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Indian students and activists participate in a protest against two recent rapes in New Delhi, India, April 12, 2018. Placard in Hindi reads, "Women have only one demand, the society should be violence free."
Altaf Qadri/AP
Girls & Women

Delhi Women Train in Self-Defense to Fight India's Rape Culture

Why Global Citizens Should Care
Impoverished women in India are especially vulnerable to sexual assault and the threat of rape, but self-defense programs empower them to fight back. You can join us by taking action on this issue and the rest of the Global Goals here.

Self-defense training classes are seeing a surge of interest among Delhi women in response to the constant threat of sexual assault and rape culture in India, reports CNN.

The Delhi Police Department has been conducting self-defense classes across the city since 2002, but the two-week sessions have seen a spike in demand in recent years, following the 2012 gang-rape of college student Jyoti Singh, according to the report.

Take Action: Tell World Leaders to Redouble Their Efforts By Amending Laws to Prevent Sexual Violence

"I decided that whatever life I have left, I want to live it well and teach my kids the same," 28-year-old Aisha Ahmad, a seamstress for Goonj, which organizes the classes with local law enforcement, told CNN in an interview.

Instructors play through multiple scenarios that women might face in the city. They then share how to respond with effective shouting, as well as teach the female students maneuvers to throw force-filled punches and the best way to break someone's arm.

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Despite making up 48% of the nation’s population, women in India have combated the risk of sexual violence for decades. In 2016, more than 58,000 rapes were reported across the country, according to the National Crime Records Bureau. In Delhi alone, nearly 4,000 sexual harassment cases were reported that same year.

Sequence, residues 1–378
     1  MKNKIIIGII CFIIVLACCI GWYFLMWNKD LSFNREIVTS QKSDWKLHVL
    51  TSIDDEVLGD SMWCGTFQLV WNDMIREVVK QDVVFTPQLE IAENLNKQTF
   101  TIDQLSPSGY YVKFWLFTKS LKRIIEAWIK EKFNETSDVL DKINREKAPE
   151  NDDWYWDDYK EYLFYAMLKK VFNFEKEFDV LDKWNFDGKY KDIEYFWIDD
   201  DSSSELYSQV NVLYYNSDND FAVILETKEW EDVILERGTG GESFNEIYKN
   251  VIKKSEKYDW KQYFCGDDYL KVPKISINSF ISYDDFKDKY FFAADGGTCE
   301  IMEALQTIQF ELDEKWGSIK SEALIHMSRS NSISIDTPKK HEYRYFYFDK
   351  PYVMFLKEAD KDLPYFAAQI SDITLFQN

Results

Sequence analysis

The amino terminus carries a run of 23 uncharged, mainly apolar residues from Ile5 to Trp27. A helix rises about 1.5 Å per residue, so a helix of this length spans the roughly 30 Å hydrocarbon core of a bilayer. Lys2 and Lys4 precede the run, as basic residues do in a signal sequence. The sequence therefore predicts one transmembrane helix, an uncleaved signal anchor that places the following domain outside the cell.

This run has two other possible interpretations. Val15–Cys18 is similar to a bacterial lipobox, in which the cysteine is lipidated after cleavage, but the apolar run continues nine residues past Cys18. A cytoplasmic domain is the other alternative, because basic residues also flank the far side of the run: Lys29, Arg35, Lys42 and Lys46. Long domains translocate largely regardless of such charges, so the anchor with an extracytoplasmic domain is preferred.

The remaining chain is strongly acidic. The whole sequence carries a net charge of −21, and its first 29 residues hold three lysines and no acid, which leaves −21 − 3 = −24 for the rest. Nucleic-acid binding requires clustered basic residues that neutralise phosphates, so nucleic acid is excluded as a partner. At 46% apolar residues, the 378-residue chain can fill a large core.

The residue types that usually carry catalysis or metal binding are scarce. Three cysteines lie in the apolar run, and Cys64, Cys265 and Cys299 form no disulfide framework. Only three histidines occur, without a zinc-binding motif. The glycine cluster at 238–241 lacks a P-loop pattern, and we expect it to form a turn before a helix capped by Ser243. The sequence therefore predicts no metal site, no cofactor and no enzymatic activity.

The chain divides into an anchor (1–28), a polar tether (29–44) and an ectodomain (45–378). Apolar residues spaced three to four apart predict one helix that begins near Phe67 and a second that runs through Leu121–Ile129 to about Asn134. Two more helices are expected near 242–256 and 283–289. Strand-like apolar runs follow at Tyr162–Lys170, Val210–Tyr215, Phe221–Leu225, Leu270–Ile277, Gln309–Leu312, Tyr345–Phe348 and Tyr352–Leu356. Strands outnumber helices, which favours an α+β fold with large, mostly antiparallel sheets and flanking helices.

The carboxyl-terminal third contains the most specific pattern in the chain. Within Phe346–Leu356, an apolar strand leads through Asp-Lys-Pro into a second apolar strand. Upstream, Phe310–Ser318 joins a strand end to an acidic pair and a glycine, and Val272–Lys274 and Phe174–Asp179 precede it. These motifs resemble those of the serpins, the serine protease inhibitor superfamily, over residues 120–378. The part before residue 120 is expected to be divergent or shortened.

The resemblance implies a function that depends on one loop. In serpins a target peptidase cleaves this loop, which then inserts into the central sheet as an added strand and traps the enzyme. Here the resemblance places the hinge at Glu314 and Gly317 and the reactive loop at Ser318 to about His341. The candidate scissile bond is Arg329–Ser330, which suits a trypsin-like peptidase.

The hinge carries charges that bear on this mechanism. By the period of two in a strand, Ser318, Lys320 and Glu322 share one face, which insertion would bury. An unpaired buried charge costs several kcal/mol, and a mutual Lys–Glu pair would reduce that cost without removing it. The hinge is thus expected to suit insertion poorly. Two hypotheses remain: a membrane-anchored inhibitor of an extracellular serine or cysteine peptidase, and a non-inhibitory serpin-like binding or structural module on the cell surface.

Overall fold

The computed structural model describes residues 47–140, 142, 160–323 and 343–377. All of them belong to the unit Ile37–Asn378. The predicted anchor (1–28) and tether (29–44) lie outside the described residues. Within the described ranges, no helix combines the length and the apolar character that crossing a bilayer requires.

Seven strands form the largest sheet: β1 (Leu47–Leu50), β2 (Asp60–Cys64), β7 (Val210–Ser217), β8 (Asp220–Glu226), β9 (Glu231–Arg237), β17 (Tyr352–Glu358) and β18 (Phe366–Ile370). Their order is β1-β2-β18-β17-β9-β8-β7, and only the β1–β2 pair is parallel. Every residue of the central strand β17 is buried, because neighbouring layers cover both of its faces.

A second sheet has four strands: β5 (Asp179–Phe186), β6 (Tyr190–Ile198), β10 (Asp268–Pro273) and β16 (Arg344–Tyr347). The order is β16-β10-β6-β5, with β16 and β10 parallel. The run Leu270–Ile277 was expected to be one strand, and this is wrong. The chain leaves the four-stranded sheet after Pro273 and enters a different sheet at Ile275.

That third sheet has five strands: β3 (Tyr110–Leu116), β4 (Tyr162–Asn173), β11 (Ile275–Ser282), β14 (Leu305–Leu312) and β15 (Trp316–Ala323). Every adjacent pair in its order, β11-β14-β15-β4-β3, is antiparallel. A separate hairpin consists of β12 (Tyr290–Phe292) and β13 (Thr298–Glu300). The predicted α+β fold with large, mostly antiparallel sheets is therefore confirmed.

"It is not about one case. It is happening everywhere. No one gives any respect to women," Ahmad told CNN.

Meanwhile, instructors at a separate self-defense training class at Jamia Islamia school in Delhi fear that the sessions place too much pressure on young girls to protect themselves, rather than educate male students of the same age against engaging in harassment.

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"I feel this is something that is ideologically putting the onus of responsibility on women. You blame the women. You ask them to wear different clothes, not to go out and now to take these classes," said Ranjana Kumari, director of the Centre of Social Research, a non-governmental organization focused on gender equality in India, told CNN.

Still, the police instructors acknowledge that there have been some success stories along the way, as when three former students shared how they responded when two boys began catcalling them on the street.

"The three girls together beat up the two boys, who finally had to run away," the officer told CNN.

If you have experienced sexual abuse, call the free, confidential National Sexual Assault hotline at 1-800-656-HOPE (4673) in the US, or access 24-7 help online by visiting You can find international resources here.